The Magic of Magazines

Modern Look: Photography and the American Magazine, the current exhibition at The Jewish Museum, is a panoply of beautiful and provocative photography from the golden age of magazines.

Gloria Swanson, New York by Edward Steichen published in Vanity Fair, February 1928
Direction magazine covers 1930's-1940's


At a time when Americans came to rely on the periodical for guidance and education on a variety of topics from housekeeping to gardening to sartorial advisement and trend direction to the latest scientific or technological advances, photography as a medium steadily increased as the dominant form of communication to complement everything from news stories to fashion spreads.

Woman on Electrical Productions Building, New York World's Fair by Martin Munkacsi published in Harper's Bazaar, September 1938
Inaugural cover of Upjohn Pharmaceuticals monthly publication Scope featuring the anticipation of the phrase "test-tube baby" published by the magazine, November 1941

The American magazine matured in the mid 20th century, as European art directors, escaping unstable countries, immigrated to the United States with innovative and audacious viewpoints. Eager for new ways of expression, these art directors preferred the use of artistic and experimental photography over illustration. In due course, photographers blossomed and became celebrities in their own right. Richard Avedon, Herbert Matter, Edward Steichen, Lillian Bassman, Gordon Parks—to name a few—became just as acclaimed for their commercial work as their fellow fine artists of the time.

Charles White, Chicago 1941 by Gordon Parks
Atomic Head by Herbert Matter published in Arts and Architecture, December 1946
Nan Martin, Street Scene, First Avenue 1949 by Frances McLaughlin-Gill


Advertising soon picked up on this trend, with myriad products and services all being photographed to grab and hold a reader’s attention and ultimately influence buying decisions.

Knife with Pear by Lillian Bassman for a cutlery brand, 1950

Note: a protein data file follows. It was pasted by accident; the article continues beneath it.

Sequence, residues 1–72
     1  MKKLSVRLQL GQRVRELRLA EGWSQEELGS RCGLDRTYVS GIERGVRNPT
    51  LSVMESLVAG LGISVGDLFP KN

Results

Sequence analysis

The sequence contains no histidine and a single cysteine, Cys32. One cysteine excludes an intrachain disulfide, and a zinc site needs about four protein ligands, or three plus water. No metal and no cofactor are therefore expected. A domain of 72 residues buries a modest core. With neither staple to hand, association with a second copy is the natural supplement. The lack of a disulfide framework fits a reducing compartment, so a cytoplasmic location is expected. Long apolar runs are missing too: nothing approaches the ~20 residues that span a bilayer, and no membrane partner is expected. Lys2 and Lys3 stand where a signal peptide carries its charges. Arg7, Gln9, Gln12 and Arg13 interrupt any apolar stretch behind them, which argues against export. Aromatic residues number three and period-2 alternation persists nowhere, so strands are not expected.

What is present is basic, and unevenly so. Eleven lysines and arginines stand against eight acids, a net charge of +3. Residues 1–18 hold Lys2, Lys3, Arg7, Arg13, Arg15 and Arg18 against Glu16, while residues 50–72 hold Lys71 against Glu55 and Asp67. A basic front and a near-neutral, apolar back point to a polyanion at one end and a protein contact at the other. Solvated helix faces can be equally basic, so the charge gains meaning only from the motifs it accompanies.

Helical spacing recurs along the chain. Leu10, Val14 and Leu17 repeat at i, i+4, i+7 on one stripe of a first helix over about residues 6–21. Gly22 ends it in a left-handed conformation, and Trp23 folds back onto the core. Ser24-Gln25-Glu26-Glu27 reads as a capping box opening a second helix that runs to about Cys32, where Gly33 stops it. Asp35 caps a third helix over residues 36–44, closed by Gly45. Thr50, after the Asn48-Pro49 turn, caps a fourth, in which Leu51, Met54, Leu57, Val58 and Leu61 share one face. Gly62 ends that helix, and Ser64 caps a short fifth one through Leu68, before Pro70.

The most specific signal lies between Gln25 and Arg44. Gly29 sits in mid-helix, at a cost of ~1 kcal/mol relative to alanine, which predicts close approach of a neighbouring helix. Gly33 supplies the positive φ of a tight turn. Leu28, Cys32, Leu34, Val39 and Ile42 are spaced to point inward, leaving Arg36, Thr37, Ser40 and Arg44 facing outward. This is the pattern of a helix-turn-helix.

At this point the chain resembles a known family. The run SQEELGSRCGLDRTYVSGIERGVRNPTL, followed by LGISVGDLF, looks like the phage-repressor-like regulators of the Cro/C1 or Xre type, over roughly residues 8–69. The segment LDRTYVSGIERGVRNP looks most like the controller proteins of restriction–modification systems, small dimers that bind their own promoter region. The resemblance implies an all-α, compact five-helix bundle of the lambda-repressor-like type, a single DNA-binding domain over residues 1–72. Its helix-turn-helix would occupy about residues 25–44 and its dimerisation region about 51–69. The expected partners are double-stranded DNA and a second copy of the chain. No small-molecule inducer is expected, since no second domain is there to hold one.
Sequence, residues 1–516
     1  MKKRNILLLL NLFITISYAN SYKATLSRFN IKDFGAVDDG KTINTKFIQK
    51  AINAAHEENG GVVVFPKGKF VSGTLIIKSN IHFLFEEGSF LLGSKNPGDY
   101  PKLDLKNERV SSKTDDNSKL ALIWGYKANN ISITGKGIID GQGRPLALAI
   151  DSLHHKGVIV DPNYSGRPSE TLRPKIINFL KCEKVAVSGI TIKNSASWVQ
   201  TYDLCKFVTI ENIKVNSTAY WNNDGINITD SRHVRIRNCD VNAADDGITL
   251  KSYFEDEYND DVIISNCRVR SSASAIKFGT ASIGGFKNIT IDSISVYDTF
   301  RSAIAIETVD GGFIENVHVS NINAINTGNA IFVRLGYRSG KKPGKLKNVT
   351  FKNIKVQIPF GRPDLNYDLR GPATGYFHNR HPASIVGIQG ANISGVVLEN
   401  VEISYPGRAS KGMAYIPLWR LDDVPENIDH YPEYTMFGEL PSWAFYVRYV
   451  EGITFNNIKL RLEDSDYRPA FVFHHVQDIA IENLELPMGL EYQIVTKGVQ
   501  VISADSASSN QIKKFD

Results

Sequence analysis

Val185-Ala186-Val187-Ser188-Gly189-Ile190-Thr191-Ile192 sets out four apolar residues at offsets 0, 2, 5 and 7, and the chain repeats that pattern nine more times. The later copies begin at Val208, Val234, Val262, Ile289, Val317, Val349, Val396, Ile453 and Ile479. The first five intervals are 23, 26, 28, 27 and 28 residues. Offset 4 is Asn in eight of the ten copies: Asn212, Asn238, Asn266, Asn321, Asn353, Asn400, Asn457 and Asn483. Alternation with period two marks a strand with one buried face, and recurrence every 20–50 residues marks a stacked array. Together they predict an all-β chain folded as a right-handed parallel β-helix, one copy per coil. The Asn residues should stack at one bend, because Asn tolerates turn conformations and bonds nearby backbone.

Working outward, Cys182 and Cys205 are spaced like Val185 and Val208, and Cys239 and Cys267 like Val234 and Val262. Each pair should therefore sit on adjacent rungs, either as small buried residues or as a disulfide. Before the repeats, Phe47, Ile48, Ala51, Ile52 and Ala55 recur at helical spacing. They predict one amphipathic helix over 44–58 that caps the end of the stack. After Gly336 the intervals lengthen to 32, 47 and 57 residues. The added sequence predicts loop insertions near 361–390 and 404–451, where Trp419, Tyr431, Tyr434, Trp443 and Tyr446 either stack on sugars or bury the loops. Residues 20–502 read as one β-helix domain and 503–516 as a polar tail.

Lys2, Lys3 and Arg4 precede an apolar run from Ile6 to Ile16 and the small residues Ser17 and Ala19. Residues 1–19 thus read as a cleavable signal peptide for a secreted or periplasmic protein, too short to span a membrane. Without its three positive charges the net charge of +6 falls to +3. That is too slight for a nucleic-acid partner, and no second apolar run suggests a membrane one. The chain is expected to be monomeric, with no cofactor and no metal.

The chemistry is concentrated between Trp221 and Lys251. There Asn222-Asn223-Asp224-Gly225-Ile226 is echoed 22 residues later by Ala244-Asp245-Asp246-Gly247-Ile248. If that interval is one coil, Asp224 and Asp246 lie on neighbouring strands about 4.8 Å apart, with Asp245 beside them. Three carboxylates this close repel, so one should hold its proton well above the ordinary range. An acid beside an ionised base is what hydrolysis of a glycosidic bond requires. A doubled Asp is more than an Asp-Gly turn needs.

Text and illustrations no longer held their interest.



These two photos cleverly employ a sense of whimsy to convey a consumerist message to post-war readers.

Harry Bertoia's Diamond Chair by Herbert Matter for Knoll, 1957

And, with the introduction of color imagery, magazines exploded in popularity. Color enriched the pages and brought a lushness to the various facets of print communication, providing a fresh and more direct impact. The viewer could experience the visual landscape in an almost three dimensional way.

Lipstick editorial by Leslie Gill published in Harper's Bazaar, October 1945
Untitled by Saul Leiter published in Harper's Bazaar, February 1959

Photography provided information, inspiration and aspiration to a nation that transitioned from the wartime period; to civil rights; to the moon landing; and onto the first African American model to appear on the cover of Vogue.

The Jewish Museum’s exhibition provides a comprehensive survey of images from chronological historical periods and covers a wide range of then current issues, lifestyle topics and social changes from these periods.

Department Store, Mobile by Gordon Parks published in Life, September 1956
Kid + Homeless, New York, 1955 by William Klein
Cover by Gordon Parks published in Newsweek, August 3, 1964

Many have said that magazines are now anemic in their influence at best and simply dead, at worst. That may be somewhat true, with the rise of social media. But nothing can away take that “fresh off the stands” feeling of a new issue, beckoning a reader to explore what lies beyond the cover. For this reason, I personally love magazines and the unique experience one can have sitting with the pages.

Modern Look: Photography and the American Magazine reignites the excitement that magazines once held for readers when they all anxiously awaited the arrival of the mail carrier with the latest monthly, holding wonders within and possibilities for the future.

Perhaps this exhibition will reignite the desire to buy a magazine once again.

Modern Look: Photography and the American Magazine runs through July 11.